Anthropogenic activity is the main factor contributing to soil pollution with various toxic metals, including Cr(VI), which dictates the need for decontamination. Often, the traditionally used remediation methods (soil removal, stabilization/solidification, physicochemical extraction, and soil washing) are not sufficiently efficient. Among gentle soil [...] Read more.
Anthropogenic activity is the main factor contributing to soil pollution with various toxic metals, including Cr(VI), which dictates the need for decontamination. Often, the traditionally used remediation methods (soil removal, stabilization/solidification, physicochemical extraction, and soil washing) are not sufficiently efficient. Among gentle soil remediation, options can be considered. The aim of this study is to assess the ability of Nostoc linckia to remediate soils contaminated with Cr(VI) in association with other metals. Metal uptake by biomass was assessed using neutron activation analysis, while the components of Nostoc biomass were determined using specific methods. The capacity to accumulate chromium from the contaminated environment (Cr in association with Fe, Ni, Cu, and Zn) by the Nostoc linckia is kept at a high level for three generations of cyanobacterium, and the capacity to accumulate Fe, Ni, Cu, and Zn is growing over the cultivation cycles. The process of accumulation of heavy metals is associated with significant changes in the biochemical composition of Nostoc biomass. Due to the high bioaccumulation capacity and the specific growth mode with the formation of crusts on the soil surface, the edaphic cyanobacteria Nostoc linckia is an important candidate for the bioremediation of soil contaminated with chromium in association with other metals. Full article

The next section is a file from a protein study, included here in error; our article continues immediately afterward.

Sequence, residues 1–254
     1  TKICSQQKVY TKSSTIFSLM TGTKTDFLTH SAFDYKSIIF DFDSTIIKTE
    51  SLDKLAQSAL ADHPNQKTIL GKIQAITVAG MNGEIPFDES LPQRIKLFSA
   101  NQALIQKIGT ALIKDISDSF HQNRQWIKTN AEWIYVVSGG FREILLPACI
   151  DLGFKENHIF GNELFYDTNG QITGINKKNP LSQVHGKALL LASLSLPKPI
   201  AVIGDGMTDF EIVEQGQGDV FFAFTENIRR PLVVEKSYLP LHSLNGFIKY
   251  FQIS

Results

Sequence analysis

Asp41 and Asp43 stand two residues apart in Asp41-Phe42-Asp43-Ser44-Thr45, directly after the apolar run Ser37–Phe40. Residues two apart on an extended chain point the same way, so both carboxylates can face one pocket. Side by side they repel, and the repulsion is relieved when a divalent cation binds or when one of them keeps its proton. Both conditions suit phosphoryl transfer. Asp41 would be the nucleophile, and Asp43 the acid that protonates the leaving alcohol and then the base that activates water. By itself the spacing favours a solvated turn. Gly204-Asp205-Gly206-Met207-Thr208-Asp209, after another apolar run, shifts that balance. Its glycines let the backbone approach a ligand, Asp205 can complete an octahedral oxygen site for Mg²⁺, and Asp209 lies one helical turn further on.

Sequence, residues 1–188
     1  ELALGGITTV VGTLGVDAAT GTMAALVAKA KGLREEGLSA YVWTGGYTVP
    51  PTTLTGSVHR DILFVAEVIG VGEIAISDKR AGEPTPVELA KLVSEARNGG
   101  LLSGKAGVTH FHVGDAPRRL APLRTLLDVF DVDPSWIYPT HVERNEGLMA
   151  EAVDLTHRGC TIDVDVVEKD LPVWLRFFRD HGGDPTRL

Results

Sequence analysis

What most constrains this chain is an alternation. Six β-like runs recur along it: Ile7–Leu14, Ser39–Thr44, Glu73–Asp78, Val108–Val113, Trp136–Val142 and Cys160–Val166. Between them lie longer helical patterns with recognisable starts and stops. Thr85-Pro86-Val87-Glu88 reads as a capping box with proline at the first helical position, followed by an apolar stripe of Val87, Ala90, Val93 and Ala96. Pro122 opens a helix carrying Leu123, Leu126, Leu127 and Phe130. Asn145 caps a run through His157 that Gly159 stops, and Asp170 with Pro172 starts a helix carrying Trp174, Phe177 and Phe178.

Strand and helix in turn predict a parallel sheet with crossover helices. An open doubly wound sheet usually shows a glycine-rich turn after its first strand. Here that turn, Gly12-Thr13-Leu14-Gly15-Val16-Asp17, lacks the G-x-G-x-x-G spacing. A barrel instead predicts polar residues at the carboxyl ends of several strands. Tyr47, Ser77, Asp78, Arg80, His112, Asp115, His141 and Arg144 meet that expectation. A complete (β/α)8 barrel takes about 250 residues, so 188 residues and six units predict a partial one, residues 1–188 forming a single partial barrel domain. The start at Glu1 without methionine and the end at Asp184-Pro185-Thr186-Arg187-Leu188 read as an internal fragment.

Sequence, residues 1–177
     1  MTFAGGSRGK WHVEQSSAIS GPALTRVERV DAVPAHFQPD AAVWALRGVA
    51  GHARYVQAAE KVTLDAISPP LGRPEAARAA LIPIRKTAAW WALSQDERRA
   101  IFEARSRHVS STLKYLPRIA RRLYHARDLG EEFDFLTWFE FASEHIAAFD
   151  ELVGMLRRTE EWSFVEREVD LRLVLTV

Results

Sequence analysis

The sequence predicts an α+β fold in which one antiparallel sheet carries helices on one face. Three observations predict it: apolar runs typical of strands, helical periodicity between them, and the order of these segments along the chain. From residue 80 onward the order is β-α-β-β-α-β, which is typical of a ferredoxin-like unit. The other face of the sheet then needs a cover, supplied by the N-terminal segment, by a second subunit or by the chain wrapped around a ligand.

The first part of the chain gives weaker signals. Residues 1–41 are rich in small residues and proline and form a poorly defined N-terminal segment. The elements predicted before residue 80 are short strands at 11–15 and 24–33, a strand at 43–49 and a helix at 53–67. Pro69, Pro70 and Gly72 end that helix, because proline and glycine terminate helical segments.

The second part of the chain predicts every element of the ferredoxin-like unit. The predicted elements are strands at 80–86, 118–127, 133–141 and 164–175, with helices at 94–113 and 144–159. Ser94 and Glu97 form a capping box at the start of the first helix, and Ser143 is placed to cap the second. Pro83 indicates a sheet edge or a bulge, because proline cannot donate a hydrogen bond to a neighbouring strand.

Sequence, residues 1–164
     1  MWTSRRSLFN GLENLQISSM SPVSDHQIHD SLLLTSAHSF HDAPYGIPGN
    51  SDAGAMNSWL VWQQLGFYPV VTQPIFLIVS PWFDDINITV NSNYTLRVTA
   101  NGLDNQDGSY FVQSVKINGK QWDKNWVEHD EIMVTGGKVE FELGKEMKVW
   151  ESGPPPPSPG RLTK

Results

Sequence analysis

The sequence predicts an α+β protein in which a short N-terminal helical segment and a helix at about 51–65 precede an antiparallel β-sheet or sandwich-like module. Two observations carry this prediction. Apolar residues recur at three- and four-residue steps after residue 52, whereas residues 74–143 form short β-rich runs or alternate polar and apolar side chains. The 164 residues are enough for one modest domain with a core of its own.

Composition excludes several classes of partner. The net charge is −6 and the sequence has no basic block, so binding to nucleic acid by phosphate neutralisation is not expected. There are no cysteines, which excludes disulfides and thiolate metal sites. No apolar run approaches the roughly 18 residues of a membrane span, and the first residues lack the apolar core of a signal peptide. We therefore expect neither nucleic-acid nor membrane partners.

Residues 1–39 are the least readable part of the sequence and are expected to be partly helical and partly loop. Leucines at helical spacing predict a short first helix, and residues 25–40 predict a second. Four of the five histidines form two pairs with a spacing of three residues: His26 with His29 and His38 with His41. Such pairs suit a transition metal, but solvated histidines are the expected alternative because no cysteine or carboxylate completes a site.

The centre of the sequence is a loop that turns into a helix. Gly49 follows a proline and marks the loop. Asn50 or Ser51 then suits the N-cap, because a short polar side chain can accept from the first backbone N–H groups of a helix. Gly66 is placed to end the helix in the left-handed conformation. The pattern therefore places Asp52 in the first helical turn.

(This article belongs to the Special Issue Soil Pollution Assessment and Sustainable Remediation Strategies)
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16 pages, 3885 KiB  
Article
Adsorption of Polycyclic Aromatic Hydrocarbons by Natural, Synthetic and Modified Clays
Environments 2021, 8(11), 124; https://doi.org/10.3390/environments8110124 - 16 Nov 2021
Cited by 10 | Viewed by 4125
Abstract
Polycyclic aromatic hydrocarbons (PAHs) are of major scientific concern owing to their widespread presence in environmental compartments and their potential toxicological effects on humans and biota. In this study, the adsorption capacity of natural (montmorillonite (Mt)), synthetic (Na-Mica-4), and modified (with octadecylamine and [...] Read more.
Polycyclic aromatic hydrocarbons (PAHs) are of major scientific concern owing to their widespread presence in environmental compartments and their potential toxicological effects on humans and biota. In this study, the adsorption capacity of natural (montmorillonite (Mt)), synthetic (Na-Mica-4), and modified (with octadecylamine and octadecyltrimethylamine (ODA-Mt, ODA-Mica-4, and ODTMA-Mt and ODTMA-Mica-4)) clays were assessed and compared for the removal of 16 PAHs. Materials were synthesized and characterized by X-Ray diffraction, Zeta potential, and Fourier-transform infrared spectroscopy. The results showed its correct preparation and the incorporation of PAHs in the structure of the clays after the adsorption tests. The proposed materials were effective PAH adsorbents, with adsorption percentages close to 100%, in particular those using Mt. Mt and Na-Mica-4 presented a better adsorption capacity than their organofunctionalized derivatives, indicating that the adsorption of PAHs may occur both in the surface part and in the interlayer. The proposed adsorbents take the advantage of being a low cost and highly effective. They can be an interesting alternative for wastewater treatment and soil remediation to prevent PAH contamination. Full article
(This article belongs to the Special Issue Soil Pollution Assessment and Sustainable Remediation Strategies)
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16 pages, 2451 KiB  
Article
Effect of Biochar Application Depth on a Former Mine Technosol: Impact on Metal(Loid)s and Alnus Growth
Environments 2021, 8(11), 120; https://doi.org/10.3390/environments8110120 - 03 Nov 2021
Cited by 3 | Viewed by 2749
Abstract